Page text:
Comment by Mike on 12 March 2010 at 03:19
  7. The Australian Government move headed by the Prime Minister to block specific websites is only to be expected especially in an election year. Any government initiative to make kids safer on the internet would be welcomed by parents.
    Is this a vote winner or not?

    In any case will it actually work......?? The internet is a seamless medium where banned sites can re appear quickly in another form.

    The fact that a foreign government body has made comment on this internet sanction is not surprising when small point scoring is the norm in foreign relations.

    Just get on with digging the country out of recession and make our country great again.

    Comment by Greg Allardice Media on 12 March 2010 at 21:12
  8. Well Rudd does want an Asian Union by 2020, so we would need to have harmonised our laws by then, how awesome will it be, competing with Chinese labour prices, 20c per hour, i can't wait to become a full blown peasant with no freedom of speech. Rudd is a criminal, we won't accept the New World Order, he will go to jail with rest of the criminals when the truth comes out.

    Comment by Mike D on 12 March 2010 at 21:55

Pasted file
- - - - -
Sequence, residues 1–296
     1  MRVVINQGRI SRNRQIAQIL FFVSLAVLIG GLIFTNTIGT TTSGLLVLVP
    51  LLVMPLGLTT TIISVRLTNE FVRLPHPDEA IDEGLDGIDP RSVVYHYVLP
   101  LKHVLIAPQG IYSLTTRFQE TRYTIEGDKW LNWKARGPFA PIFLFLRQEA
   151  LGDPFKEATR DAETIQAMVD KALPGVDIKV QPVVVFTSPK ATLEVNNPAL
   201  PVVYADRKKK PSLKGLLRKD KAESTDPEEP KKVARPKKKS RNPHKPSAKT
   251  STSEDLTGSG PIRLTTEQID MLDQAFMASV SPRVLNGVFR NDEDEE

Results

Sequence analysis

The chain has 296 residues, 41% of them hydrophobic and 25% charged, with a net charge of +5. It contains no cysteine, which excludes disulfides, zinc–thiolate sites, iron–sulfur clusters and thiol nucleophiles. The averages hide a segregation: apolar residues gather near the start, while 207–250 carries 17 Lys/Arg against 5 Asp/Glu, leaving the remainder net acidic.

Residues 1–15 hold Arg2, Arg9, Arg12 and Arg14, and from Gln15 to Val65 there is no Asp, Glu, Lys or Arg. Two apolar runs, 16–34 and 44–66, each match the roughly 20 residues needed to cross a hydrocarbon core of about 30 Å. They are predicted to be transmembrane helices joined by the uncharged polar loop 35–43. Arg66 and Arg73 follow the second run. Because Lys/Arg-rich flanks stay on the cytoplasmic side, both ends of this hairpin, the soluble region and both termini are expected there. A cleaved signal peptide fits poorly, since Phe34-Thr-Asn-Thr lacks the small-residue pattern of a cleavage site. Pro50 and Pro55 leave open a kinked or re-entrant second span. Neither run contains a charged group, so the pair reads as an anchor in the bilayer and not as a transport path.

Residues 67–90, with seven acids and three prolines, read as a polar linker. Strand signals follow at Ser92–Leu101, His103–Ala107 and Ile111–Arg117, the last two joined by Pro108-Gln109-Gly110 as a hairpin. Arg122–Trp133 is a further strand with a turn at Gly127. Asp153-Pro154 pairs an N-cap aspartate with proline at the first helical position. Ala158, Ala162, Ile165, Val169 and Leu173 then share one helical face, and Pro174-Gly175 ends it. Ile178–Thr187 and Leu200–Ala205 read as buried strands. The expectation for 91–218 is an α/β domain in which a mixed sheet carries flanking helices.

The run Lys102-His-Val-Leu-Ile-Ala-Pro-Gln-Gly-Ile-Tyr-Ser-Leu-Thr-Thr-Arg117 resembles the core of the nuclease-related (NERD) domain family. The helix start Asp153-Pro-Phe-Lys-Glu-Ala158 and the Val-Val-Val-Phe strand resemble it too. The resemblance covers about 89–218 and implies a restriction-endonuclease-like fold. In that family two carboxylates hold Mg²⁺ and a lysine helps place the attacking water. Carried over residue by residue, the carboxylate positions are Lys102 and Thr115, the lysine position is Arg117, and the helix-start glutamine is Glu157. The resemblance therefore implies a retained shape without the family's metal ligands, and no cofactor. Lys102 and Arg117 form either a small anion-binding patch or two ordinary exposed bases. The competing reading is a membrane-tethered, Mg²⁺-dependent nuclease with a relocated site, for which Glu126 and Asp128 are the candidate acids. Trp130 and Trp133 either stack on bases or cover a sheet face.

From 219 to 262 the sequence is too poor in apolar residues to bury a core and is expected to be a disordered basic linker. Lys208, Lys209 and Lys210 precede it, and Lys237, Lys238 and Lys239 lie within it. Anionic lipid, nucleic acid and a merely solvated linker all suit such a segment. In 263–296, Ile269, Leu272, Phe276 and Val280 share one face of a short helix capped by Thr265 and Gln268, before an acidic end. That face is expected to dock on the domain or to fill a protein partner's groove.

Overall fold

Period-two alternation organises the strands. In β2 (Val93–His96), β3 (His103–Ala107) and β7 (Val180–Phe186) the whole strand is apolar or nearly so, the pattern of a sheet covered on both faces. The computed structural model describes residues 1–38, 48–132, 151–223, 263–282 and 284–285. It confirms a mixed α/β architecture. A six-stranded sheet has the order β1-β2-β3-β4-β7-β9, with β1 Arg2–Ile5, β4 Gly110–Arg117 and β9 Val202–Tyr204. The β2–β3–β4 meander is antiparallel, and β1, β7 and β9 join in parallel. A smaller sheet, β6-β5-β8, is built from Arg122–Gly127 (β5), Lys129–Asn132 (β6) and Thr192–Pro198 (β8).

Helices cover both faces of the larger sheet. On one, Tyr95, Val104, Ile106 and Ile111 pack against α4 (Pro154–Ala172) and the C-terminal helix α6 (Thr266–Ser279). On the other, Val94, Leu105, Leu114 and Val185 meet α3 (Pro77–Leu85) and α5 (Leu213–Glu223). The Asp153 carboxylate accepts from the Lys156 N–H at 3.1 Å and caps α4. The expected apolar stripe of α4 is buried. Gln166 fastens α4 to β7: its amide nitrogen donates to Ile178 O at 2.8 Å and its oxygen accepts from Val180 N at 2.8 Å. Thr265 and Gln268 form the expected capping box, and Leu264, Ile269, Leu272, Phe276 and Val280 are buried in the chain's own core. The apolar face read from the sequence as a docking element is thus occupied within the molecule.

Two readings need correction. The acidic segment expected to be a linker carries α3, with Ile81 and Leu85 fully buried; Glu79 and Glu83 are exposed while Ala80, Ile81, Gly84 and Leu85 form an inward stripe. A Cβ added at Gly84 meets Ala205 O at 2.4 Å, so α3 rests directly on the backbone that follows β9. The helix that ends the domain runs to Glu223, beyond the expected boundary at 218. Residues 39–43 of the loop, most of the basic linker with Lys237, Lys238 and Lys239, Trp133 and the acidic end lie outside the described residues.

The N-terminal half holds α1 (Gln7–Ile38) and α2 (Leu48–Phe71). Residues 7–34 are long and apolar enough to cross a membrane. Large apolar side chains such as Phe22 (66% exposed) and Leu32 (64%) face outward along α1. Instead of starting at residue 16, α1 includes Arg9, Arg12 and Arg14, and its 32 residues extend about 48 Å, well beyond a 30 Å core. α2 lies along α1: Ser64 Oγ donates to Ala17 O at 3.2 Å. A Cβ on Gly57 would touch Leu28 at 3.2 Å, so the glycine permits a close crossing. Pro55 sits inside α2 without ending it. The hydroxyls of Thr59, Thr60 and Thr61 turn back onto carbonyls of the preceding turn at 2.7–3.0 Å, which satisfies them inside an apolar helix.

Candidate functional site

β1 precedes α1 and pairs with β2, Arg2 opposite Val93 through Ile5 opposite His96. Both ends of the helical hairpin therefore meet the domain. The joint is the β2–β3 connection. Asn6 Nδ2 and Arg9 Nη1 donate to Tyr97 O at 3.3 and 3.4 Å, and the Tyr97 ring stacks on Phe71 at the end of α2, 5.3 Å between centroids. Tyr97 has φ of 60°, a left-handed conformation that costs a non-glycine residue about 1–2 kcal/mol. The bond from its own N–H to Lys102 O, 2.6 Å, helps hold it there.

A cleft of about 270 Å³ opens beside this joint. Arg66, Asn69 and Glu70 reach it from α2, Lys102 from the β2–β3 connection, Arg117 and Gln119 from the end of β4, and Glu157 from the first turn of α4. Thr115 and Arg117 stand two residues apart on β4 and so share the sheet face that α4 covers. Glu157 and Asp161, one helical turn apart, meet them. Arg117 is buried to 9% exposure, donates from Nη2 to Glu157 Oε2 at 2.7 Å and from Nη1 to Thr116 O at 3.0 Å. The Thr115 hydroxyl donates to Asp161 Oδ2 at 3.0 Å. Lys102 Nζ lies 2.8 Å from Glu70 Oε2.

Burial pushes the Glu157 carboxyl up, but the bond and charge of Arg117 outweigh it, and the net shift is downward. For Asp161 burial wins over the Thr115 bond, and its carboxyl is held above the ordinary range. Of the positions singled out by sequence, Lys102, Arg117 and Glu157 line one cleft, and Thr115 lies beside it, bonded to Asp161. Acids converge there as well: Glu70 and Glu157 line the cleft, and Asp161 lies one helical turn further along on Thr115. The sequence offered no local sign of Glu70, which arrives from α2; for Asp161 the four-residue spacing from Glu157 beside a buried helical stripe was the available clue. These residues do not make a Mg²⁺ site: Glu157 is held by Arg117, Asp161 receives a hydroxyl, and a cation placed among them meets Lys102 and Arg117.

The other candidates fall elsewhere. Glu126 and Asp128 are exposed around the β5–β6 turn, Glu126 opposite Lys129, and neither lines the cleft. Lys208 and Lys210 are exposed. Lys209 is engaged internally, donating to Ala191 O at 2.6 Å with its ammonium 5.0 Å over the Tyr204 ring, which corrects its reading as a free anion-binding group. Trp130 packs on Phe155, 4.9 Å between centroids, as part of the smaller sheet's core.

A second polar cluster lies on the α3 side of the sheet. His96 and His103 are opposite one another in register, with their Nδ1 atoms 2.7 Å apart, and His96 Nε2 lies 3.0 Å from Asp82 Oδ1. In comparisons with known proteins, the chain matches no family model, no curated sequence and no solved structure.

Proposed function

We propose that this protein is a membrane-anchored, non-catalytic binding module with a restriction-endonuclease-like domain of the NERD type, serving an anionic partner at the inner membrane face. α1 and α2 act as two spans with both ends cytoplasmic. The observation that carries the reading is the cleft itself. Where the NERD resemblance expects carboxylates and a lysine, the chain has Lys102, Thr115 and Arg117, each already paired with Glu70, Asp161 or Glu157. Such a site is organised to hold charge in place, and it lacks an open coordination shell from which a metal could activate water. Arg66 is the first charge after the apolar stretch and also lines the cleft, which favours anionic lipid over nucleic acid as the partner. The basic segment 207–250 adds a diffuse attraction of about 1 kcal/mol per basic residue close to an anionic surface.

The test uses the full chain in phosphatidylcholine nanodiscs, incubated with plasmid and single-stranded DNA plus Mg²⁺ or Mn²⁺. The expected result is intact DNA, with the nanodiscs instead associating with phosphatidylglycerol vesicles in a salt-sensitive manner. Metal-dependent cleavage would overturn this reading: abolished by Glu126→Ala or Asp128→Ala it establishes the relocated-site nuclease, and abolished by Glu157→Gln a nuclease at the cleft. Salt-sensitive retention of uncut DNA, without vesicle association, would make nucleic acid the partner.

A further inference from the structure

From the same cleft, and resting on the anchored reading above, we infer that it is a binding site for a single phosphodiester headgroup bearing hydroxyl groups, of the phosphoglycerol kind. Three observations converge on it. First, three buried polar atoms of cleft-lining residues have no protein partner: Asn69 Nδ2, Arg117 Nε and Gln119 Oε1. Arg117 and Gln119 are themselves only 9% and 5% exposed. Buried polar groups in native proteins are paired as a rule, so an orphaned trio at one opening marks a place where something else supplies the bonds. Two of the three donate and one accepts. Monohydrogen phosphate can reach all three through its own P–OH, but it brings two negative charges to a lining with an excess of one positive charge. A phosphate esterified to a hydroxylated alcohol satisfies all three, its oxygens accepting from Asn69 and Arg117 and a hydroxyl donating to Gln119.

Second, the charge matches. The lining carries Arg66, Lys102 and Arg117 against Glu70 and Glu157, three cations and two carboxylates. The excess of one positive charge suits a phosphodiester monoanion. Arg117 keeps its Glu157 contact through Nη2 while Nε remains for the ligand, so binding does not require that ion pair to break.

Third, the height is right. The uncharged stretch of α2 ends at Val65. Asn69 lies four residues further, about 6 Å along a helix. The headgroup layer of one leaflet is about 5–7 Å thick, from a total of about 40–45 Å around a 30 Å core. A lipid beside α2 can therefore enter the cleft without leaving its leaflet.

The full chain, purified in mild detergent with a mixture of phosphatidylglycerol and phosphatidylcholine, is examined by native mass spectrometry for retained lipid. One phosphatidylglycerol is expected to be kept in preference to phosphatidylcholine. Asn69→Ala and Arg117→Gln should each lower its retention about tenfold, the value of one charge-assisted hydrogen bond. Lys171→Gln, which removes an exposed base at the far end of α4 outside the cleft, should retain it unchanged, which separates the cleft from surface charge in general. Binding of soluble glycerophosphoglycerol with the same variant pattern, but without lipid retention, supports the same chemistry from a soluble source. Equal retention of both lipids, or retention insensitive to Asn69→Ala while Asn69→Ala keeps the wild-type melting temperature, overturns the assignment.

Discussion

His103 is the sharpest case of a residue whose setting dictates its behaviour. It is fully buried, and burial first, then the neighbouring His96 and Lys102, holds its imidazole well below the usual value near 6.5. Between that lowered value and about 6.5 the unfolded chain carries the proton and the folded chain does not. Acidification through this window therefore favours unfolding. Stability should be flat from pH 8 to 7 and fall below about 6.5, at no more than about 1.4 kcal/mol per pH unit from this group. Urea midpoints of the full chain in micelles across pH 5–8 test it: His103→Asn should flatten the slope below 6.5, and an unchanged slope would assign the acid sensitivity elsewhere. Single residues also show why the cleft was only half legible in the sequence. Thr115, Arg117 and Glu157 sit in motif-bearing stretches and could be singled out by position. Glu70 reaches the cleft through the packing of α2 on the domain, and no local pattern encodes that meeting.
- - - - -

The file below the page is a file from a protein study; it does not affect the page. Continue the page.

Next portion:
9. wow, comparing an online filter against "online pornography crimes" and "more restrictive hate speech laws" with the filter chinese internet users face blocking all kinds of politically unwanted information and the general supression of democratic rights in China..... I understand the general concern against state imposed internet filters, but should argumentation be not a bit less black and white?!

    Comment by Andreas on 13 March 2010 at 06:38
  10. @Andreas

    (It is worth mentioning that the proposed filter doesn't target pornography or hate speech, it targets RC content - a category so broad and all encompassing that it can mean virtually anything. If you don't understand that key concept my following comments will be likely lost on you - there's no point debating the merits of something other than what the Government intends to introduce.)

    Considering the only effective difference between the two censorship systems is the list they use for blocking, I'd argue that it is very black and white.